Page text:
Register to reply

Why different crystal phases have different colours?

by AlKindi
Tags: colour change, crystal phase
Share this thread:
AlKindi
#1
Jul21-11, 04:22 AM
P: 19
Like quinacridones or HgS and HgS [itex]\gamma[/itex]. I don't understand how crystal phase can act on the resonace of the electrons....Please reference! Thank!
Phys.Org News Partner Physics news on Phys.org
Technique simplifies the creation of high-tech crystals
Working group explores the 'frustration' of spin glasses
New analysis of oxide glass structures could guide the forecasting of melt formation in planetary interiors
ZapperZ
#2
Jul21-11, 05:44 AM
Emeritus
Sci Advisor
PF Gold
ZapperZ's Avatar
P: 29,239
Different crystal geometry has different phonon modes and spectrum. The "colors" of such crystal is a direct function of the phonon characteristics.

Zz.
AlKindi
#3
Jul21-11, 09:18 AM
P: 19
Quote Quote by ZapperZ View Post
Different crystal geometry has different phonon modes and spectrum. The "colors" of such crystal is a direct function of the phonon characteristics.

Zz.
Great! Thanks!
( I've found the bibliography in Wiki's page about phonon)

So the electrons are not interest in the process, and I can't predict this sort of absorption with DFT? Or interpretate a spectra identyfing the Functional group?

DrDu
#4
Jul25-11, 02:37 AM
Sci Advisor
P: 3,563
Why different crystal phases have different colours?

I donīt think that phonon modes are of importance in case of the examples you gave. I suspect that some electronic transitions are dipole forbidden in one crystal structure but not in the other. E.g. the molecules may form dimers in the crystal. In one crystal, the dimers are lying parallel to each other, in the other structure anti-parallel. Due to the coupling of the two molecules the electronic transitions split into one of higher frequency and one of lower frequency. Which of the two is of higher intensity depends on the relative orientation of the two molecules.
AlKindi
#5
Aug5-11, 05:10 AM
P: 19
Quote Quote by DrDu View Post
I donīt think that phonon modes are of importance in case of the examples you gave. I suspect that some electronic transitions are dipole forbidden in one crystal structure but not in the other. E.g. the molecules may form dimers in the crystal. In one crystal, the dimers are lying parallel to each other, in the other structure anti-parallel. Due to the coupling of the two molecules the electronic transitions split into one of higher frequency and one of lower frequency. Which of the two is of higher intensity depends on the relative orientation of the two molecules.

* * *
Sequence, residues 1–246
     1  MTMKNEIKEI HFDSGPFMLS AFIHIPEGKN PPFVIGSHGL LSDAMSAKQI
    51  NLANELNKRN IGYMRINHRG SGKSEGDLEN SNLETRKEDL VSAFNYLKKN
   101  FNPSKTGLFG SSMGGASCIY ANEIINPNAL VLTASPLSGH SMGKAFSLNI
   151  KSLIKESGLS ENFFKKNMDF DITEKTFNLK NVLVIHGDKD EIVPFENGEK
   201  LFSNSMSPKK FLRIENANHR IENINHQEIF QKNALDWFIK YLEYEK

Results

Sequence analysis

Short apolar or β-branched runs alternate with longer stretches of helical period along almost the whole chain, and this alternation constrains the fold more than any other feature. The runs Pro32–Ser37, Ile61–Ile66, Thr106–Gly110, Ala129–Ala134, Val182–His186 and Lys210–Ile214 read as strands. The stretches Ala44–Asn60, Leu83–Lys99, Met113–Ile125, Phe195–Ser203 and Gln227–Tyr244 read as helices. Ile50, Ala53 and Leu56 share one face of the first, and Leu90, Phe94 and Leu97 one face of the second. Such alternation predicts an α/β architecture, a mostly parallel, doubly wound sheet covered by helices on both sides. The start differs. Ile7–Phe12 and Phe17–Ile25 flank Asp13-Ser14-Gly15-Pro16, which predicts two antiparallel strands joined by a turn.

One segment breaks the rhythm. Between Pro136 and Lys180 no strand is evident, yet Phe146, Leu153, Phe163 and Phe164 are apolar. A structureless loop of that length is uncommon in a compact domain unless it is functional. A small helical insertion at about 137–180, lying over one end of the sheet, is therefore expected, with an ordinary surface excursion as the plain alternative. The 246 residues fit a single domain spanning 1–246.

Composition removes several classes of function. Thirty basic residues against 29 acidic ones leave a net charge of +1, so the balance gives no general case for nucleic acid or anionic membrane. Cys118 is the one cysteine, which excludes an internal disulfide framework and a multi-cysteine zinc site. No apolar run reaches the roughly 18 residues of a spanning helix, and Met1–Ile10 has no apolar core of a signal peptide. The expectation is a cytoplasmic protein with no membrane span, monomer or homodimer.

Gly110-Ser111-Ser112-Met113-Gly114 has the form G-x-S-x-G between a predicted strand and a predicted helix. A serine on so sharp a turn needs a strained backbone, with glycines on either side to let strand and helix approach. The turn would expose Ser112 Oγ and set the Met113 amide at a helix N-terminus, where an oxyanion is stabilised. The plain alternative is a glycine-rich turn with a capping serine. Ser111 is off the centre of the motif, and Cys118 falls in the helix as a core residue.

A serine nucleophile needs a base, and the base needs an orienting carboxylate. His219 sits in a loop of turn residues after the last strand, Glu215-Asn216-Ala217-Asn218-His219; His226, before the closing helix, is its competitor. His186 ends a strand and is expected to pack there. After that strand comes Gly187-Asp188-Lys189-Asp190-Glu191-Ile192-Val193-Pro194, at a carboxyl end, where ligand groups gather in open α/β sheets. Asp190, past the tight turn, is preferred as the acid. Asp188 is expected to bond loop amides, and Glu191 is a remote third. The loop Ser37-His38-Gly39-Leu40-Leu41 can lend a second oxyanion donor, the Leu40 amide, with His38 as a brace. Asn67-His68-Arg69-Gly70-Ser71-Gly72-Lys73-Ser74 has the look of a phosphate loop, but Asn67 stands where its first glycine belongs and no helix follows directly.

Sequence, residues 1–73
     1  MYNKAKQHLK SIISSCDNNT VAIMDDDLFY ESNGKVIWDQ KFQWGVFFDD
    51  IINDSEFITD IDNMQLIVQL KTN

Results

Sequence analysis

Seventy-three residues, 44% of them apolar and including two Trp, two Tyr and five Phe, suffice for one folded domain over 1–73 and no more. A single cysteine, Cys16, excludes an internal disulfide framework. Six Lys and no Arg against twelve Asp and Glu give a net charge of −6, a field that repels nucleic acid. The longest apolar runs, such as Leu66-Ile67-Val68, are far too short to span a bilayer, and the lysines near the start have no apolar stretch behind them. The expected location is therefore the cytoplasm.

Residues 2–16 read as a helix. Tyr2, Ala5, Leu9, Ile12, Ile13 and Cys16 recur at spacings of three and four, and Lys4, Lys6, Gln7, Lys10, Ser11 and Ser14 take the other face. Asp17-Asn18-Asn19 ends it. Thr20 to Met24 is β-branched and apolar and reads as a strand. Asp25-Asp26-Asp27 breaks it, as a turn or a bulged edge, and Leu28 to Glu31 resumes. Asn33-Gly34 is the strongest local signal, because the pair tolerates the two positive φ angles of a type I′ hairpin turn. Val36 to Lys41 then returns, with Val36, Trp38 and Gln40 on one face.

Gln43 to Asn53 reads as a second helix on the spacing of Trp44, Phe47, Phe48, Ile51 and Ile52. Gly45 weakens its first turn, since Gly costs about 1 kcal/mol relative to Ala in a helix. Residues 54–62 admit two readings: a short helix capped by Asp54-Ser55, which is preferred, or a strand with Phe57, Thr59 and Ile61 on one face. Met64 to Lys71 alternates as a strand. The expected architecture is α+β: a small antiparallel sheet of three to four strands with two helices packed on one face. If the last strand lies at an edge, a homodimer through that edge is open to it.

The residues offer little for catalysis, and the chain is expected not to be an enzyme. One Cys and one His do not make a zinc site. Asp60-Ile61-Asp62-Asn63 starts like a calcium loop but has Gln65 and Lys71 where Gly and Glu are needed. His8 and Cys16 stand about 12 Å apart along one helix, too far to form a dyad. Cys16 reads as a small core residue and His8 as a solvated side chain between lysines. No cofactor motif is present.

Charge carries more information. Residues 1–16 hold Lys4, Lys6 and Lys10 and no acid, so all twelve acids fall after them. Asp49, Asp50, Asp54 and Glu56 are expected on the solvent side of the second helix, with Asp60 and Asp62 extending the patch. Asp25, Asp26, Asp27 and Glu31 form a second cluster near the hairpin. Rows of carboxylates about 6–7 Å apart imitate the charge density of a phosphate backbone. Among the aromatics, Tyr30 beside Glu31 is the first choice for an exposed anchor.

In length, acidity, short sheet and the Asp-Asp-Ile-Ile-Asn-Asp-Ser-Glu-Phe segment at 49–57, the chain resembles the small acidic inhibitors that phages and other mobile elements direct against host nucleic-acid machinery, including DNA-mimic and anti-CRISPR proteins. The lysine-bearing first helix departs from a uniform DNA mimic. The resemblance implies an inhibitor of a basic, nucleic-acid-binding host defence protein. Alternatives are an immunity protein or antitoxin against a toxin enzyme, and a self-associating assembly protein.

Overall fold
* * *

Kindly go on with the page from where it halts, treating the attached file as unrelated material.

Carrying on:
Okay, maybe they act both together. I'm sure some polymorphic form of quinacridones are due to differents overlaps of the main structure that reinforce the dipole transition depending on the way in which they are set.

Thank's a lot!!!!!
P.S. Can I calculate, predict in some way this interaction?
abhi2005singh
#6
Aug8-11, 04:00 AM
P: 64
Colors shown by the crystal depend upon various things and are related to the electronic structure and not on the phonon modes. Defects are one of these sources. Change in crystal structure can change the electronic structure of the material and hence the color of the crystal since it is related to the electronic transitions. If transition metal ions are present, change in crystal structure can change the splitting of the degenerate levels resulting in levels of various symmetries. The allowed electronic transitions depend on the symmetry of the ground state, the transition operator and the final state. Hence some the transition can be allowed while the others can be forbidden on change in the crystal symmetry. This can lead to change in color by changing the crystal structure.

Whatever I have mentioned above can be calculated, but I am not the correct person to say anything on as to how it is done.
AlKindi
#7
Oct8-11, 08:53 AM
P: 19
Quote Quote by abhi2005singh View Post
Colors shown by the crystal depend upon various things and are related to the electronic structure and not on the phonon modes. Defects are one of these sources. Change in crystal structure can change the electronic structure of the material and hence the color of the crystal since it is related to the electronic transitions. If transition metal ions are present, change in crystal structure can change the splitting of the degenerate levels resulting in levels of various symmetries. The allowed electronic transitions depend on the symmetry of the ground state, the transition operator and the final state. Hence some the transition can be allowed while the others can be forbidden on change in the crystal symmetry. This can lead to change in color by changing the crystal structure.

Whatever I have mentioned above can be calculated, but I am not the correct person to say anything on as to how it is done.
Thanks, so is "simply" a change of the electronic structure. So when something can change the electronic structure? I mean, does the chemical matrix, the surrounding "molecular environment", can affect the electronic structure or must be a more strength bond like a ion bond?
abhi2005singh
#8
Oct8-11, 11:00 AM
P: 64
Yes, the chemical surroundings can change the electronic structure. There are other methods as well, like, chemical substitution, change in bond length, bond strength, lattice parameter etc.
AlKindi
#9
Oct10-11, 11:39 AM
P: 19
Thanks, I think a lot of work can be made in determining this sort of change!


Register to reply

Related Discussions
What exactly are colours ? Classical Physics 23
Why do we see certain colours? General Physics 1
Single crystal and poly crystal metal Materials & Chemical Engineering 8
What determines the colour? Frequency or wavelenght? General Physics 5
Why we see different colours Classical Physics 5